wiki:OurTutorial

Version 13 (modified by pfusik, 7 years ago) (diff)

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What is what

SVN = Subversion = a tool for file repository with full change history.

Trac = web application that includes a wiki, SVN view and tickets.

Ticket = submitted bug or idea, e.g. jhusak submitted ticket:1 for putting ASMA in the SVN and pfusik did it.

Language

Make sure Trac interface is in English. Polish translation is incomplete.

On the top click Preferences, Language, English (United States), Save changes.

Trac navigation

On the top bar:

  • Wiki
  • Timeline - Traca + SVNa history, e.g.
    • wiki page edit
    • ticket - bug or idea
    • changeset is a change in SVN (e.g. in changeset:4 I have uploaded ASMA 3.4)
  • Roadmap - our goals and how far we are according to tickets
  • Browse Source - read-only view on the SVN
  • View Tickets
  • New Ticket
  • Search

SVN Basics

SVN (subversion) is a version control system. In such systems nothing is ever lost, the history of changes is always available with the author, you can always revert to a previous version and fix any problem (see below).

As you can see in the Browse Source tab, there are three top directories in SVN:

  • branches - for the more advanced users, we don't use it yet
  • tags - contains tagged versions, for example I have put ASMA 3.4 here, we can put here all releases and betas, but we don't edit files directly here
  • trunk - it's the main work space, you can browse it from Trac, but it's much more comfortable to have a copy on your disk (see below)

Every write to SVN is registered in its history - which you see in Timeline. A write is a "changeset". A changeset has the following attributes:

  • ordinal number
  • author's login
  • timestamp
  • log message - short text written by the author to summarize the change
  • the changes - added/changed/removed files or directories

SVN can be browsed from Trac. To make changes, you need an SVN client. The most popular SVN client for Windows is TortoiseSVN.

TortoiseSVN Installation

http://tortoisesvn.net/downloads.html Choose 32-bit or 64-bit to match your Windows version. Any installation is fine, you can uncheck the unnecessary things such as extra icons, command-line tools and dictionaries. After the installation the context menu of Windows Explorer has additional TortoiseSVN commands.

Getting a local copy of SVN

Create on your disk an ordinary empty directory to contain your copy of SVN. Let's say it's called asma-trunk (use any name and location you like). Enter this directory in Windows Explorer, click the empty space and select TortoiseSVN / Checkout. In the URL of repository pase: svn://84.201.216.109/test/trunk Make sure that Checkout directory is exactly your empty directory. Click OK and wait for the download.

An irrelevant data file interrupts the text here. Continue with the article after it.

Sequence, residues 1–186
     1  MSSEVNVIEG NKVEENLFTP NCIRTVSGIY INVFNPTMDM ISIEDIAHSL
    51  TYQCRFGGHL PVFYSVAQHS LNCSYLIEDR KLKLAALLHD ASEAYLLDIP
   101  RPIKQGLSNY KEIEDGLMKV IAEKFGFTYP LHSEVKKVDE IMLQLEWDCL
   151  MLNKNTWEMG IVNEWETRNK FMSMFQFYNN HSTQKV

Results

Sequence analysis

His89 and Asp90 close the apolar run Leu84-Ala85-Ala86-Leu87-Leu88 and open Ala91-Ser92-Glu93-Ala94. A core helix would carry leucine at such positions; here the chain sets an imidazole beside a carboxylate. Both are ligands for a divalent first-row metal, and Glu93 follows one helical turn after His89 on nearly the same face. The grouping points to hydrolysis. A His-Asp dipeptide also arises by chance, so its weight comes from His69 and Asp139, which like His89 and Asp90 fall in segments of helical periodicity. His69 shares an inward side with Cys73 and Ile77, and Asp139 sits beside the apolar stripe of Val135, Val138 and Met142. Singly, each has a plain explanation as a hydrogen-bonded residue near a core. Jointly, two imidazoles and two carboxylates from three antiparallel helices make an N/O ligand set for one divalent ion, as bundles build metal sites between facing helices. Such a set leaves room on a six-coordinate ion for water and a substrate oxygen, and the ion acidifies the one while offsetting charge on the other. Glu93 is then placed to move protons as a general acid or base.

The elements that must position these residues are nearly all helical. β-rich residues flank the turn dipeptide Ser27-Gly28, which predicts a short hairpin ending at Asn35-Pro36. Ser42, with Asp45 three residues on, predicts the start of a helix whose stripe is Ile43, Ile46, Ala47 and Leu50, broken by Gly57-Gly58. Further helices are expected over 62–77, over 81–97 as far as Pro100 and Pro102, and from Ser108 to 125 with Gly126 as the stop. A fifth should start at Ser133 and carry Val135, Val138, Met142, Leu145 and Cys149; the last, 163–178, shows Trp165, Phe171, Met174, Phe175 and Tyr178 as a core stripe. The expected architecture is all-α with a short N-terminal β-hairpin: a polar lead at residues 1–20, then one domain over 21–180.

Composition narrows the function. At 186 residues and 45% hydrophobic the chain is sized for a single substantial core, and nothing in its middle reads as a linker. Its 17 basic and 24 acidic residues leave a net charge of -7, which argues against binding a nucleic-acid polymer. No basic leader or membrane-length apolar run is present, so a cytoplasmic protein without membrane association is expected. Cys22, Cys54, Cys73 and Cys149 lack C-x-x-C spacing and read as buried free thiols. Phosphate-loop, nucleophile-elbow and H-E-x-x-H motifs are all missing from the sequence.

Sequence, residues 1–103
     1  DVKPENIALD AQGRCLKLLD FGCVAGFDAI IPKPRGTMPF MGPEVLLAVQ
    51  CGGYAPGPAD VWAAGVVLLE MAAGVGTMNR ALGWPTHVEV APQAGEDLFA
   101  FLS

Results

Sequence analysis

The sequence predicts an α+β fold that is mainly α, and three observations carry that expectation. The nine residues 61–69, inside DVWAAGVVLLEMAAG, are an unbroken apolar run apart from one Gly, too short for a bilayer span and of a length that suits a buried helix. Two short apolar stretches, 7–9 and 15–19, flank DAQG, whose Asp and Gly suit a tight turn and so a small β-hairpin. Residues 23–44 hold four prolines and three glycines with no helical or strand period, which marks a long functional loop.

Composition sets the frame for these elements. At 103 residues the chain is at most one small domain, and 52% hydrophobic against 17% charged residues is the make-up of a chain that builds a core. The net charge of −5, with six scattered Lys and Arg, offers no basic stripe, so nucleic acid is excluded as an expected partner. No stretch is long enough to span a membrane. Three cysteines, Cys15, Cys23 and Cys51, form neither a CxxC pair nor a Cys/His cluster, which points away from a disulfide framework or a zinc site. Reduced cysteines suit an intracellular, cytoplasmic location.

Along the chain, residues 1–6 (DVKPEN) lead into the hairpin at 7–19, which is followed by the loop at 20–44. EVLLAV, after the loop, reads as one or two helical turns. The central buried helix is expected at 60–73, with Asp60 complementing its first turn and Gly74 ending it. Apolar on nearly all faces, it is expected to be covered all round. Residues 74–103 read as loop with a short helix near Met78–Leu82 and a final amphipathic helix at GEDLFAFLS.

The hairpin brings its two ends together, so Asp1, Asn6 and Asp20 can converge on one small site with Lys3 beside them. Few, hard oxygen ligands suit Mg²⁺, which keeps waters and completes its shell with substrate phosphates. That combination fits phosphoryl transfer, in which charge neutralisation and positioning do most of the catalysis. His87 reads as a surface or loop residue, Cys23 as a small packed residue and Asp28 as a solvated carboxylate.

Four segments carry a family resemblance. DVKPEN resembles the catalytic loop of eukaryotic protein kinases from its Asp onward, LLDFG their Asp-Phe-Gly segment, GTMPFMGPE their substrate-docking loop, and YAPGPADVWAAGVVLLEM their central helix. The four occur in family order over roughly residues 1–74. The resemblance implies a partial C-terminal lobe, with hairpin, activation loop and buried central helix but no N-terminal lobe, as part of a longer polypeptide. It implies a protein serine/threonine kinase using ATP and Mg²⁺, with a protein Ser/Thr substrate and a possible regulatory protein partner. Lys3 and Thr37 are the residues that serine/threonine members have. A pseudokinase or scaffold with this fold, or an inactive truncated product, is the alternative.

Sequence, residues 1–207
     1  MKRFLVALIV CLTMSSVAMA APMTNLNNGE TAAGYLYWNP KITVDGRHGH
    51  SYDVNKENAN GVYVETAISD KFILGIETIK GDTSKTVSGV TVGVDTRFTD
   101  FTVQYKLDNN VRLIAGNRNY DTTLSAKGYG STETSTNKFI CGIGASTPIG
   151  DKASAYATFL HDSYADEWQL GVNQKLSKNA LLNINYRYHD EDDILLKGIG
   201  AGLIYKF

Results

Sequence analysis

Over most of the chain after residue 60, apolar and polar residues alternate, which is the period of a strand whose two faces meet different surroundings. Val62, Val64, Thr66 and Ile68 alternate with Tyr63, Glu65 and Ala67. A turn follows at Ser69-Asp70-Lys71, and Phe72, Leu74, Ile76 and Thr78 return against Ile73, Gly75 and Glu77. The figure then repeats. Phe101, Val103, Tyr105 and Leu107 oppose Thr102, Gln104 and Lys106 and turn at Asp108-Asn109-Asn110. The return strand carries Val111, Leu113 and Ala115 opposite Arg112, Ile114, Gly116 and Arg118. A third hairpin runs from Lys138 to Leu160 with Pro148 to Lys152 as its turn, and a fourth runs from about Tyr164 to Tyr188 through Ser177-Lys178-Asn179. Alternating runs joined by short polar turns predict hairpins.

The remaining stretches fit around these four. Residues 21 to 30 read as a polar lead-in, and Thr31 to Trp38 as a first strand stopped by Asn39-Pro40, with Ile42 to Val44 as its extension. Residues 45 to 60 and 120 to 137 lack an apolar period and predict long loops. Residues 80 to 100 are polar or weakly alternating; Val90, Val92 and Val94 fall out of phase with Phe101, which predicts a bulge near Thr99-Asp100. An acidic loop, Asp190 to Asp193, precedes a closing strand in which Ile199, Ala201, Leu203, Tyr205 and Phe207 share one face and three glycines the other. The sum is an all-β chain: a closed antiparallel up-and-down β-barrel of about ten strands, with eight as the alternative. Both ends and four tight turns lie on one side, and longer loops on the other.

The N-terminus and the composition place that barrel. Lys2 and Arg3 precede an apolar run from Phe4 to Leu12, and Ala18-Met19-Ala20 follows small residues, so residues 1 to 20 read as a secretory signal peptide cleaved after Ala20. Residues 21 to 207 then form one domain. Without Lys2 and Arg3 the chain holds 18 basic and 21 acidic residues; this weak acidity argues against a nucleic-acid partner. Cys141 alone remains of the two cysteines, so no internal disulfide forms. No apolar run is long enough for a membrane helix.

The downloaded files are regular files - you can play and edit them. However, delete, rename and move must be done specially (see below).

Basic SVN command

Right-click on your directory gives you the following commands:

  • SVN Update - download new changes if someone made them
  • SVN Show Log - history (like Trac's Timeline, but limited to SVN changes)
  • SVN Commit - upload your local changes; this may block if someone made changes to the same file as you - in this case do SVN Update and resolve the conflicts (more info on demand: pfusik)
  • SVN Revert - reverts your local changes, replacing the files with their SVN version (cannot be undone, use with care!)

There are many other commands, but they are used less often.

Making changes

Treat the current SVN repository as a sandbox. Once we all get used to the tools, we'll start from scratch doing only serious changes.

jhusak: how about using a branch for the sandbox and do serious work in trunk?

The easiest change is modifying a file which is already in SVN. Modify the file as you normally do - e.g. edit text files in the notepad. Next choose SVN Commit - it will display the list of modified files. Enter the description of the change in the top edit box (the description is important so that it's easier to see the history), accept. Enter your SVN login and password. Our changes are sent to the server and are available for the others, who need to do SVN Update.

To add a file, put it in the directory, right-click it and select TortoiseSVN / Add. The file won't be sent to the server until you select SVN Commit, as described above.

To delete a file don't just delete it. Instead, TortoiseSVN / Delete, then SVN Commit.

To rename a file, TortoiseSVN / Rename, then SVN Commit.

To copy or move a file, drag it with the right button - a menu will appear with options to copy, move and optionally rename. Then SVN Commit.

Only SVN Commit sends our changes to the server. The other operations work locally on our computer.

I think that's enough for the beginning. Any questions?